Brown: "Yeah, so, the number one thing would just be testosterone and hormone replacement therapy. Once I turn 18, the second thing is top surgery, a double mastectomy is the medical term. That's my biggest area of discomfort, is my chest. So as soon as possible, I'm booking by myself for surgery and getting that done."

Nourani: "So what are your interests in and out of school?"

Brown: "So inside of school, academically, I am really interested in social sciences, like sociology, psychology. But outside of school, or outside of academics, I am in choir. And that's a really big part of me. It's just something that really means a lot to me, a really great community, something I really, really enjoy. I like listening to music, I write a little bit of music, and sing. I'm beginning to learn guitar, even though it's very iffy. But it's getting there."

Nourani: "Have you attended any LGBTQ plus pride events in Fayetteville?"

Brown: "Yeah, I went to one. I think it was the summer before last. I went to the Pride Parade. This summer, I was not able to make it, unfortunately. But, yeah, the stuff that we have here in Fayetteville, for like Pride and inclusivity, is, I think, a lot better than almost all of Arkansas can boast. So it's really good to be part of it."

Nourani: "What do you want to do after you graduate high school?"

Brown: "I don't know where, but go to college and get my undergraduate in social work. And a minor in either gender and sexuality studies, or LGBTQ+ studies, and then get my master's in social work. And like my end goal, like when this happens, it's a success point, is a private practicing licensed clinical social worker. So like, when you think of therapy, kind of like that."

Nourani: "So you've lived in Fayetteville your whole life. Do you want to stay in Arkansas?"

Brown: "I love Fayetteville. I really do love it here. I do not want to stay here. It's just not really for me at this point. I love Arkansas, genuinely I do. Arkansas does not love me. Like, it's just not really a place that can accommodate me anymore."

Nourani: "Do you have any advice or any words for trans-youth that are having similar experiences to yours?"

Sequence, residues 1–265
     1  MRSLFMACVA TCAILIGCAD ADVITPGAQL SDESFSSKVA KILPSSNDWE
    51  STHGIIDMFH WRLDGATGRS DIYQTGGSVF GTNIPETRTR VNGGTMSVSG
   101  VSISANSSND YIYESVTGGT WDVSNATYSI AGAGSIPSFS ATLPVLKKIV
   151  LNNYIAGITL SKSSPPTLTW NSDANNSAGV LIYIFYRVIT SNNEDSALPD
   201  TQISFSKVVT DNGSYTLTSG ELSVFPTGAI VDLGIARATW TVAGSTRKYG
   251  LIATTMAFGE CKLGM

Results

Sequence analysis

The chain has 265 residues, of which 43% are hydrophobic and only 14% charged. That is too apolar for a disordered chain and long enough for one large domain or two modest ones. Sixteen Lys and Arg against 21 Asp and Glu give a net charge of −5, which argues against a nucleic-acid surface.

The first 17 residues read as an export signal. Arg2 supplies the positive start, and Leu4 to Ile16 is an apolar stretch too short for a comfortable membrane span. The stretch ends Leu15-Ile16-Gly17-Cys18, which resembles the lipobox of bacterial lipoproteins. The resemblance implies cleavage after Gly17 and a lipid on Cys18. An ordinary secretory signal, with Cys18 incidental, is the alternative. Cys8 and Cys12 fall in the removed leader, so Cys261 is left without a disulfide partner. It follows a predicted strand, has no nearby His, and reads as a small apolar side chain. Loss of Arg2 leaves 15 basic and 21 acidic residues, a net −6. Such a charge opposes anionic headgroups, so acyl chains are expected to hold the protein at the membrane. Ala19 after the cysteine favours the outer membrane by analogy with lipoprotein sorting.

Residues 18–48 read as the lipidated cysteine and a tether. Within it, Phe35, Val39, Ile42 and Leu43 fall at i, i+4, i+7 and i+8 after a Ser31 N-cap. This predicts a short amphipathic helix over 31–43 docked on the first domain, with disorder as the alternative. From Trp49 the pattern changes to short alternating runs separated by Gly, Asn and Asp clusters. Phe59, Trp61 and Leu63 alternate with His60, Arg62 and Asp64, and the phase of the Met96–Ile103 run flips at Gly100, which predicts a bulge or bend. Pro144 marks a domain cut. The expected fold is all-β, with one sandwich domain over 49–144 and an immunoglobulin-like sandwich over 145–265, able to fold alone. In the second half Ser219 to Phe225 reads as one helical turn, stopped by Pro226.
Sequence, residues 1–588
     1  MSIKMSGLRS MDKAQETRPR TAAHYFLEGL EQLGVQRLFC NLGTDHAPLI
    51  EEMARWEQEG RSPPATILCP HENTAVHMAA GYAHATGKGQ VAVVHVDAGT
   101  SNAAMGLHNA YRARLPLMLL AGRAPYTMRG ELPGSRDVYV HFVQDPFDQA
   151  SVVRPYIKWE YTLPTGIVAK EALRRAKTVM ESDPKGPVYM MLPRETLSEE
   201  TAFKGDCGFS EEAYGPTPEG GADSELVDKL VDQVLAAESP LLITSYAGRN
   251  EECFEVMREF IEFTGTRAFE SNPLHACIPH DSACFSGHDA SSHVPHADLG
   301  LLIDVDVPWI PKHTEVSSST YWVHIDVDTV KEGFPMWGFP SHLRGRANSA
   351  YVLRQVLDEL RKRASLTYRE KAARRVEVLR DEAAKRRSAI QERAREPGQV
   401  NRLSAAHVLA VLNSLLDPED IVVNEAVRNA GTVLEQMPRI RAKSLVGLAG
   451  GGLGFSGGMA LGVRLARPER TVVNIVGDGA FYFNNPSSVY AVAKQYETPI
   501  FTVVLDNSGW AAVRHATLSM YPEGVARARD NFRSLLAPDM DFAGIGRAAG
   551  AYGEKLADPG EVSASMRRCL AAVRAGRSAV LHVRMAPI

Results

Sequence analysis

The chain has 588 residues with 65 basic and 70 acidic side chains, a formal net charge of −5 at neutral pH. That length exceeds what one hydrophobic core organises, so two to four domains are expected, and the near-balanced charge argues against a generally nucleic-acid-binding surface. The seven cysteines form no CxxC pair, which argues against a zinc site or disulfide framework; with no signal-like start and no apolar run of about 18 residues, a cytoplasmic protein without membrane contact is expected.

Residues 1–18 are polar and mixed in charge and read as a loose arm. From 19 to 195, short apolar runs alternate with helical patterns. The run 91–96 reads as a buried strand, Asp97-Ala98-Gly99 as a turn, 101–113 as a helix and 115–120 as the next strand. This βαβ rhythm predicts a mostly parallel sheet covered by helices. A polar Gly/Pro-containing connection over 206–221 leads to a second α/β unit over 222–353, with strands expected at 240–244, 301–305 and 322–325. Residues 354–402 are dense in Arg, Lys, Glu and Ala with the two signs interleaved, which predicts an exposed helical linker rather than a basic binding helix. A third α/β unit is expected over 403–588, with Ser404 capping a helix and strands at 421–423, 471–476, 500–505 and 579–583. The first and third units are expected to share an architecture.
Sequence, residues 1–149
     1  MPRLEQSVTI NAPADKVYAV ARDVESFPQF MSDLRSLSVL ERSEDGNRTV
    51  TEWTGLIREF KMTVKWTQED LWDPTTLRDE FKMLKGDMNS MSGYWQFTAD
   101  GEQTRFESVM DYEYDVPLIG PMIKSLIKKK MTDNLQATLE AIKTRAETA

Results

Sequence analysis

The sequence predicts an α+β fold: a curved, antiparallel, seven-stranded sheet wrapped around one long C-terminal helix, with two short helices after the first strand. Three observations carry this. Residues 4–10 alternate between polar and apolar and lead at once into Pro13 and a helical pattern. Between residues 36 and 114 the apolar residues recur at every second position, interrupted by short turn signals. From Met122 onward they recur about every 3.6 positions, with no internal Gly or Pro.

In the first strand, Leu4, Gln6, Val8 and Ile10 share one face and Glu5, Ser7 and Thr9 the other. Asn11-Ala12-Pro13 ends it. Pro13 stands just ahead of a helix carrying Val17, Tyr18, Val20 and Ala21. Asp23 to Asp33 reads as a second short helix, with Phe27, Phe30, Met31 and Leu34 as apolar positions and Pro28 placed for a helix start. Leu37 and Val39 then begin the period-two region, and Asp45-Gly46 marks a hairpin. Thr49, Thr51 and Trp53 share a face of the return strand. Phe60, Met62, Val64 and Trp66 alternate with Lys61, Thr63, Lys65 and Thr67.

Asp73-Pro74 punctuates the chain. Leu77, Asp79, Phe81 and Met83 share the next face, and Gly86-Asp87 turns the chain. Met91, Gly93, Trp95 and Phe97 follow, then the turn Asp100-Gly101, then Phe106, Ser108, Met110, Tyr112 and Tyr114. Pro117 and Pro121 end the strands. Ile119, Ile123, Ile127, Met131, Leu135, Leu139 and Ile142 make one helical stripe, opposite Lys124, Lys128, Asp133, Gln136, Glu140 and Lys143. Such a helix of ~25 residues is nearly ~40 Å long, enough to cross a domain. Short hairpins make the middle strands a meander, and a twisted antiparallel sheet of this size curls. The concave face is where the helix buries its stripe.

Brown: "I can't say much because I've barely lived it. But it can be the worst ever to be trans, especially in Arkansas, and especially as a teenager. But it's also so fun. Like it's just, it's a really, really great community. You can make a lot of really great friends. It's a very unique thing to experience. And I feel like even in the times when it's really hard, just like you're getting through it, and you should just be happy with what you have. And this unique part of you that no one else understands, which again, can be not great, but it's also super cool."

Nourani: "I like that."

Brown: "Yeah."

Nourani: "Is there anything that I haven't asked you that you wanted to share?"

Brown: "Yeah, actually, I was thinking about it over the past week. Like the way that being trans can affect, like, relationships. I feel like a lot of people don't talk about it. [As for] romantic relationships, my dating pool is basically only other trans people. Dating a cis [heterosexual] person can be terrifying, like in the sense that it's very easy for them to not see me as a guy. And so my dating pool is teeny tiny. There's a lot of trans people at Fayetteville High School, but compared to how many people are there, it's really not that many. So just being trans can be a very, very limiting experience. It can be very restrictive. That's a part of it that I feel like a lot of people don't really talk about much."

Nourani: "Okay. Well, thank you for sharing that."

Brown: "Thank you for having me. It's great to be here."

Nourani: "Of course. Thank you for speaking with us."

That was 16-year-old Grayson Brown, speaking with host Sophia Nourani for KUAF's Listening Lab series, "TEA: the Transgender Experience in Arkansas." "TEA" was filmed by Emerson Alexander, edited by Sophia Nourani, and produced by Jacqueline Froelich. To view this episode and previous episodes search TEA on Listening Lab.

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Emerson Alexander is the coordinator of KUAF's Listening Lab.
Sophia Nourani is a KUAF producer and reporter.
Jacqueline Froelich is an investigative reporter and news producer for Ozarks at Large.